It’s a new age for entrepreneurship. Doing good in the world while maintaining a business no longer is an oddity. Companies are now being built on the very foundation of doing good in the world. Today, you have companies designing sneakers entirely from recycled materials, or food joints that go to lengths to make sure they source all their ingredients locally, or businesses that make a point of hiring people who traditionally struggled in the job market, such as vets, elderly and less-able bodied people. Consumers are responding in kind, and rewarding companies that pursue making the world a better place next to their bottom line. These companies are usually referred to as ethical businesses.
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Mission & Values
But what makes an ethical business? There are a few elements that keep coming back that overlap for these type of businesses. First of all it’s usually right there in their core value statement. An ethical business makes choices deliberately and will proudly wear that badge in its mission and value statement. Usually, that siphons through to the code of conduct for employees as well. It’s not uncommon the mission and vision of a company will be pushed forward in marketing and PR publications.
Integrity & Fairness
Whatever cause or ethical focus a company has, there will be a common thread of integrity and fairness to the core of it all. The integrity will apply to adhere to the laws that are in place, while making sure it treats its employees and suppliers fairly. Fair pricing, timely payments (especially to its suppliers) and demanding quality in all aspects of the business is part of the ethos. An ethical company might make mistakes along the way, but will be the first one to own up on a mishap and will do everything to correct their errors.
Concern For People & Environment
There is also a real concern for people and the environment. In most cases, there will be a zero-tolerance policy for abuse in any shape or form of staff, but also the inclusion of staff when it comes to decision making that might concern the course of the company. All aspects of the business are looked at to see if less waste can be produced (less packaging or example), or more environmentally friendly alternatives can be found (recycled products) or the impact on the environment can be reduced (using fibreglass separators to clean wastewater).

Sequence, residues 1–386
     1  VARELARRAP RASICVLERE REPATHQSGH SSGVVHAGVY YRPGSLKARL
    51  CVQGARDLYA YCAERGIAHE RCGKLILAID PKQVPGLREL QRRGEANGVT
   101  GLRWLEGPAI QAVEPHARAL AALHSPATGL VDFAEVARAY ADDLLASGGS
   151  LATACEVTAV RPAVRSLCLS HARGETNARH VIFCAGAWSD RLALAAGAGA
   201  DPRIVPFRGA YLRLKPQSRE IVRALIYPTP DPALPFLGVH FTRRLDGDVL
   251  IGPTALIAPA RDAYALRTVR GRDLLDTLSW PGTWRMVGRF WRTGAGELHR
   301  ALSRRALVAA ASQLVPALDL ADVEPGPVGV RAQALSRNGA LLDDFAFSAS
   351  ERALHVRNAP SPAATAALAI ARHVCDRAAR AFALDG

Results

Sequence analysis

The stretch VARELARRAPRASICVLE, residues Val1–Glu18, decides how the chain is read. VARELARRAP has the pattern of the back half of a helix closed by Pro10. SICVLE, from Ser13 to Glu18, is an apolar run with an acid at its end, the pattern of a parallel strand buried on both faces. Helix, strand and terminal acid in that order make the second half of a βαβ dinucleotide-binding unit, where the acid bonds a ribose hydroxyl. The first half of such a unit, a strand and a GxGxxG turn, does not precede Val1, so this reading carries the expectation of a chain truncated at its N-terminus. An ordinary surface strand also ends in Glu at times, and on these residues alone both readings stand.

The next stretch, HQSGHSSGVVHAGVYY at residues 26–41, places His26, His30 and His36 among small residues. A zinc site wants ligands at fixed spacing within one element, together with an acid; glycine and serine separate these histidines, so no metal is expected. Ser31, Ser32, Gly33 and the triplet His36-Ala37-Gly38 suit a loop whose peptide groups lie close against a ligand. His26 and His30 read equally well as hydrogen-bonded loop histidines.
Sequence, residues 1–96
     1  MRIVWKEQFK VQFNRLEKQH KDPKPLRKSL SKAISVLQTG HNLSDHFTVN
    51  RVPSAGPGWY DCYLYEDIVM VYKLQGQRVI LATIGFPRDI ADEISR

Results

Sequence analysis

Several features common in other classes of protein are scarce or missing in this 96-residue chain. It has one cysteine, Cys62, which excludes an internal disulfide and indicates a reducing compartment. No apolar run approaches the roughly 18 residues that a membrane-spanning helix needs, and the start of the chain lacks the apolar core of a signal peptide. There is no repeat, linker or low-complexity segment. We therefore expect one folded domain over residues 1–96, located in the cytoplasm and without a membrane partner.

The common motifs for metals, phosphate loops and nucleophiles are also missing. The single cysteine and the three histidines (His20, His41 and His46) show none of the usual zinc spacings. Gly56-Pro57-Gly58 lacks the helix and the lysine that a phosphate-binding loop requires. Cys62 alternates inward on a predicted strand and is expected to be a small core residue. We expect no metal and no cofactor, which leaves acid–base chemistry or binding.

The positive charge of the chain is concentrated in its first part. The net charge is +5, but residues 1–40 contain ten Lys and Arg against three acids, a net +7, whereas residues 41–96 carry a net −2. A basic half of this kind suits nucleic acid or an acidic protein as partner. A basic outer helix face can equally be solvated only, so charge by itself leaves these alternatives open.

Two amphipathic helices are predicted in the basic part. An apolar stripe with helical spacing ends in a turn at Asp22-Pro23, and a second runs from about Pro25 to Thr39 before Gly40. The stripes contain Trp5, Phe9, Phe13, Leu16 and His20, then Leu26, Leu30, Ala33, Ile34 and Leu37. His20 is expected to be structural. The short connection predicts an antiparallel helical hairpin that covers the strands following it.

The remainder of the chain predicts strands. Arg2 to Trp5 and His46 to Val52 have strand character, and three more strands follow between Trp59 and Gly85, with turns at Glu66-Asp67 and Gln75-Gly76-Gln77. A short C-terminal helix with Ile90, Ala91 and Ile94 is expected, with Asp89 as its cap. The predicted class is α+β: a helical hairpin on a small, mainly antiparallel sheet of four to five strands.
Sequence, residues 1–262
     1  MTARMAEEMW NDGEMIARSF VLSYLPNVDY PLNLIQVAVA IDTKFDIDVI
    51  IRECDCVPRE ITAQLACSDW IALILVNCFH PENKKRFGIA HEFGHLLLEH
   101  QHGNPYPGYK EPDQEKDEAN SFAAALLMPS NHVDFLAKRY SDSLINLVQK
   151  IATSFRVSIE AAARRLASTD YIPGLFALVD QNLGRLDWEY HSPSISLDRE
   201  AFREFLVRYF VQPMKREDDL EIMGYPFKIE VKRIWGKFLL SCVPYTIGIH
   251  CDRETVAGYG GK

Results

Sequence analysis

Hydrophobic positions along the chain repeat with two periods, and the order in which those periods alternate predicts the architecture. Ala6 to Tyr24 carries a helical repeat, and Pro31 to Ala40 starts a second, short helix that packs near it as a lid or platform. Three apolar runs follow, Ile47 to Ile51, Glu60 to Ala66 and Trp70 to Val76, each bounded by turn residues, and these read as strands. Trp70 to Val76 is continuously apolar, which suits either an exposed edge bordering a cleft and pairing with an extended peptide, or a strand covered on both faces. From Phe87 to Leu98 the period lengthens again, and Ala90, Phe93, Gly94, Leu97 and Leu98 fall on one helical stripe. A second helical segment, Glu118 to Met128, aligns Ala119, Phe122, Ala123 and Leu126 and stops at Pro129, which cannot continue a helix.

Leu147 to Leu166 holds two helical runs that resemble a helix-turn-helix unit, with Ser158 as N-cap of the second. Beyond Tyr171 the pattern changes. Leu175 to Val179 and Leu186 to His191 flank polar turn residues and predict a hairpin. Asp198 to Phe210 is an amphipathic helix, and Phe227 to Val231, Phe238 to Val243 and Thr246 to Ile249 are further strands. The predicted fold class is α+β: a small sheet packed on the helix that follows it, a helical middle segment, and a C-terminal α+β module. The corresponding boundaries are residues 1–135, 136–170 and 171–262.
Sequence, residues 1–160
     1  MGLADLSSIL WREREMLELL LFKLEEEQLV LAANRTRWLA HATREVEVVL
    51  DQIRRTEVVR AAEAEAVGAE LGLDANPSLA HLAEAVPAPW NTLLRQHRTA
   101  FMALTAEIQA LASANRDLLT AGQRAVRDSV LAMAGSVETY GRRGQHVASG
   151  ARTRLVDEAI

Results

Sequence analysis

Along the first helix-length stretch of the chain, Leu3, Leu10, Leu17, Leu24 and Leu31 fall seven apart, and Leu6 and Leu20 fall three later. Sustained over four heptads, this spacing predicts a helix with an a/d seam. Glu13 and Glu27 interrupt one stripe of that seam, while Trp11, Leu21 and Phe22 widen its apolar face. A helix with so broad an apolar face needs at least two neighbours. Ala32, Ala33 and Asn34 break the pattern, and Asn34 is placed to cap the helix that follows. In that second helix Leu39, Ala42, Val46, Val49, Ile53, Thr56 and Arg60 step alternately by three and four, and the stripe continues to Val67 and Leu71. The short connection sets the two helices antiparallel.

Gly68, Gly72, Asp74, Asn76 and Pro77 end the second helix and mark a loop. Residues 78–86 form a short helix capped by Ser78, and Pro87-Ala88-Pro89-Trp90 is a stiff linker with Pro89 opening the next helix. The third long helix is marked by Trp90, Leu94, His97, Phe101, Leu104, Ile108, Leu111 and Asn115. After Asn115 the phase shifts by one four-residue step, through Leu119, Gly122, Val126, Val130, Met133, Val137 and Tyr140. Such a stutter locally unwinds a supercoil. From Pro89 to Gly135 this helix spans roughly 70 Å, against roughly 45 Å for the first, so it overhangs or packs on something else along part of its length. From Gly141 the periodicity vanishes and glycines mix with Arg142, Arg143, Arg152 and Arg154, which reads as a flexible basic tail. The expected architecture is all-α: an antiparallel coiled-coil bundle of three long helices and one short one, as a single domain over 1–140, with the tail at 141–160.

All About The Dialogue
There is also a focus on people and interaction. This could be with employees or customers or both. An ethical company will want to maintain a dialogue and stay open-minded for different perspectives, even when this clashes with their own belief system. The connection with people is seen as a grounding factor that puts context to whatever a business does. The company does not exist because of itself, it exists because it plays a role in people’s lives.
An ethical company also emphasizes the desire to create lasting relationships. This could be with employees, suppliers, and customers. Shying away from a purely transactional relationship, an ethical business is looking to develop a network in which people can depend on each other and will help each other in times of need. You can see this in companies offering life-long learning or increased medical coverage, or partnering with suppliers and actively promoting them, or going above and beyond for their customers.